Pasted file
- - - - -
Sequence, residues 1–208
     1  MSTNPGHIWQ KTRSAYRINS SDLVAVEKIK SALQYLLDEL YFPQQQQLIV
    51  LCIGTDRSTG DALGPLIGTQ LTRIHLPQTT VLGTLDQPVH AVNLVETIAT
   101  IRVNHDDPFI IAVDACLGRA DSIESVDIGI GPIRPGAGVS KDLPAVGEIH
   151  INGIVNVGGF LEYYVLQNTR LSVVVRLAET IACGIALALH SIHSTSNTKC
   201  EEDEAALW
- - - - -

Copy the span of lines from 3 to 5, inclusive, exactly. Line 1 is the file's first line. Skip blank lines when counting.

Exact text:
    51  LCIGTDRSTG DALGPLIGTQ LTRIHLPQTT VLGTLDQPVH AVNLVETIAT
   101  IRVNHDDPFI IAVDACLGRA DSIESVDIGI GPIRPGAGVS KDLPAVGEIH
   151  INGIVNVGGF LEYYVLQNTR LSVVVRLAET IACGIALALH SIHSTSNTKC